Today I slept until four minutes until I was supposed to take a test 10 minutes away. But it was at a testing center, not in a classroom. I called and got permission to come in half an hour late. Still finished the test well within what the time limit would have been had I started on time. The teacher gives two hours for tests that usually take me less than half an hour. Because I either know it or I don't know it. Multiple choice (I love multiple choice). Sign language tests where I have to record myself signing... I can take longer on those (but they aren't proctored, so I can choose my own start time and place).
Mostly, today, I slept. Not sure why. After my test was over around 11:00 am, I went shopping at three places, bought one thing, then went home, ate one cookie, and slept another three or more hours. I wasn't feeling good. Possibly a bug from work. More likely due to not getting enough sleep. Also possibly related to either the medication I'm getting off or the new one I'm starting. The one I'm getting off (venlafaxine) isn't one of the easiest to get off, according to what I've read and what the psychiatrist said.
And the one I'm getting on? It didn't have the warnings and all that most psych. meds have, so the pharmacist printed me out a bunch of pages - a longer med. guide. The kind that hasn't yet been summarized in the concise, print-on-the-back-of-the-prescription-paper kind. The kind that rates the dangers into "side effects," "contact your doctor if"s, and "seek immediate medical attention if"s. This one had side effects that were more likely along with ones that didn't have a proven connection. Serious and silly listed together. Also written in complicated words so that I wouldn't even know what the symptoms of some potential side effects would be. Which is okay. My short version of antidepressant side effects would read, "may kill you, watch for increased indications of suicide risk, if it makes you shake a lot, be somewhat concerned (but don't immediately panic since shaking isn't likely to kill you), if you get a really bad fever or other really bad flu symptoms, you probably have the flu, but you can call a doctor just in case you have an exciting, potentially life threatening "blah-blah serotonin syndrome somethingorother" problem. Most importantly, don't take the risks too seriously, because, after all, you really hate this stupid depression." But the long version the pharmacist printed out did cite a highly amusing reported side effect: "feeling different." I laughed. That was very funny to me. So, in case you also are trying the same SSRI that I am, be aware that it could leave you "feeling different." I sure hope it leaves me feeling different! Only I'm hoping for a positive difference, a less depressed difference, not an alien or zombie feeling. Then again, if I feel like that really cute alien that is pictured in one of the computer games I keep playing, it might not be so bad, because that is a really cute, cheerful looking critter.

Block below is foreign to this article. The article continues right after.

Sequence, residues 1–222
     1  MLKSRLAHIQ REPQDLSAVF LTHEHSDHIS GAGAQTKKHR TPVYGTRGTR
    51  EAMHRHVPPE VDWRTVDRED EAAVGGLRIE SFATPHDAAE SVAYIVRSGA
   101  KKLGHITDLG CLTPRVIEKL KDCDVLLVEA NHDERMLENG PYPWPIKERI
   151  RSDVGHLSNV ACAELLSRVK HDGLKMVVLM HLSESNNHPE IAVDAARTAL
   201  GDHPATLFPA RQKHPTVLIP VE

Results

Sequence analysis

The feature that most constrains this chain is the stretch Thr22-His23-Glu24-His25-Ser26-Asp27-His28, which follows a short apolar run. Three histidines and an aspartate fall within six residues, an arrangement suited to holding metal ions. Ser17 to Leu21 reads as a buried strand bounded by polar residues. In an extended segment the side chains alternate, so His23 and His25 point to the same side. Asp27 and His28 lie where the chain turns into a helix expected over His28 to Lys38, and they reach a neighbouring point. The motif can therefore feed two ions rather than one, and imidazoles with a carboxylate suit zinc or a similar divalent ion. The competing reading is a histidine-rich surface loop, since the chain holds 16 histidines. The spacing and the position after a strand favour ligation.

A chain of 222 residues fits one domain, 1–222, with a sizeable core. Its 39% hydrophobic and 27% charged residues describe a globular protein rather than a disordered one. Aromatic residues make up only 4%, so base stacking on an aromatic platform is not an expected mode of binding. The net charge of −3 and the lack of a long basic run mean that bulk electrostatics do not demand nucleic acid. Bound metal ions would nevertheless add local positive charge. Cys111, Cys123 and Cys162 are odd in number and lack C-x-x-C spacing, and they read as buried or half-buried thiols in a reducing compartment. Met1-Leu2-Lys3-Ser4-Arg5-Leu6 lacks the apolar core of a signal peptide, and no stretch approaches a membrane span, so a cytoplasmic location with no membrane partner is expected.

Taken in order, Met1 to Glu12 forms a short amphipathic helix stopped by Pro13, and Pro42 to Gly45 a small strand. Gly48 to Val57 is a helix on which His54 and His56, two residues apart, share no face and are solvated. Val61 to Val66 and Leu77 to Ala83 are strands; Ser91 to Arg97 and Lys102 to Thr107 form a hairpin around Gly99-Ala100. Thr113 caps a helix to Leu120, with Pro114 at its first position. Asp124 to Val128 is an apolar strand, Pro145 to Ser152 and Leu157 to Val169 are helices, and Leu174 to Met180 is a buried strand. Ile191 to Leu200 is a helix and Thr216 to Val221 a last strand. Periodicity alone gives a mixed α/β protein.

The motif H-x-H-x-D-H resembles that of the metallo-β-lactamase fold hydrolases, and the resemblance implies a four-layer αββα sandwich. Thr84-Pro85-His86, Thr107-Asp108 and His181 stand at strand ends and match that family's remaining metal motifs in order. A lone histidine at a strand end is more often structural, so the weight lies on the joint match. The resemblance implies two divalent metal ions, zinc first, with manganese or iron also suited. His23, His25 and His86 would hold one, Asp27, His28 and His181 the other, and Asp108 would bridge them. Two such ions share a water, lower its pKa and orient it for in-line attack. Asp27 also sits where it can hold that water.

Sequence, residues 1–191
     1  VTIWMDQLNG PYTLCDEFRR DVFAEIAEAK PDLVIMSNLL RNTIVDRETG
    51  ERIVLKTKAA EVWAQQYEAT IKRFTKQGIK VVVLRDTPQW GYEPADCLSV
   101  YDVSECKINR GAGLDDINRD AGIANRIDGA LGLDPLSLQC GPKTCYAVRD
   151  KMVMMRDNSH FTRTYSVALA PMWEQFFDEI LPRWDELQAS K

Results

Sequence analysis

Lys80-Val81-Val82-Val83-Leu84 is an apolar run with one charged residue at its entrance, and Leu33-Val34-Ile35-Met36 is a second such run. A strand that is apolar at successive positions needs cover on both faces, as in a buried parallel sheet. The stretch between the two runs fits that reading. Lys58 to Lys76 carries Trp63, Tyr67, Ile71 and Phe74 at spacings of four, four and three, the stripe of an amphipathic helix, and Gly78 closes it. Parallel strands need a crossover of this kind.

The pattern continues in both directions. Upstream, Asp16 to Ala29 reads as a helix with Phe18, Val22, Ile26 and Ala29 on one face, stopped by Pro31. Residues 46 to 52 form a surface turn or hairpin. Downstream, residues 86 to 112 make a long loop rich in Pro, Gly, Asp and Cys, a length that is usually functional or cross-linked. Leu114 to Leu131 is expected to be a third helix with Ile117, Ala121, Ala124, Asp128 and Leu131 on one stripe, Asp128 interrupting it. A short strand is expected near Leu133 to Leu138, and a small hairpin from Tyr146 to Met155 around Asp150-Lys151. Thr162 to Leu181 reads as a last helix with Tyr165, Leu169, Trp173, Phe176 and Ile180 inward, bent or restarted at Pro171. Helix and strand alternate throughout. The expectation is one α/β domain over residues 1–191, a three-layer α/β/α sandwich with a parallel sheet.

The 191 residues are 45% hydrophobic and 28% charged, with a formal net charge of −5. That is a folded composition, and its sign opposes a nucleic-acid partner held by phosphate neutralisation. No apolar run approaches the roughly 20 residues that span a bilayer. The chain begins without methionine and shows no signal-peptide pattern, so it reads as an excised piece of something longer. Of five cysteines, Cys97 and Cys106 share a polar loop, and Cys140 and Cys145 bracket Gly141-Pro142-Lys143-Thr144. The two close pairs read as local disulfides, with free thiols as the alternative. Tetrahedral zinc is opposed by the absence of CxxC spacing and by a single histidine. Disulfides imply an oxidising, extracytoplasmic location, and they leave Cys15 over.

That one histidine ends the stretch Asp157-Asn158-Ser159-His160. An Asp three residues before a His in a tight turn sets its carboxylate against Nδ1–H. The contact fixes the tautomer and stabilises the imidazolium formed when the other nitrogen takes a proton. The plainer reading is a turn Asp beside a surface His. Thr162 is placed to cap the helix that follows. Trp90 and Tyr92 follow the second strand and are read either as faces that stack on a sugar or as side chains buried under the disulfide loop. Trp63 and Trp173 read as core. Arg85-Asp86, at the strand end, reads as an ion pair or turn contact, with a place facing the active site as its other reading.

This is my fourth SSRI, and I'm quitting my seventh tried-and-rejected psych med. It took me a few days to get over being really upset about starting my fourth SSRI, but I'm feeling better (or number in that cheerfulish numbness that comes with weariness, onset of cold viruses, and I'm not sure when else.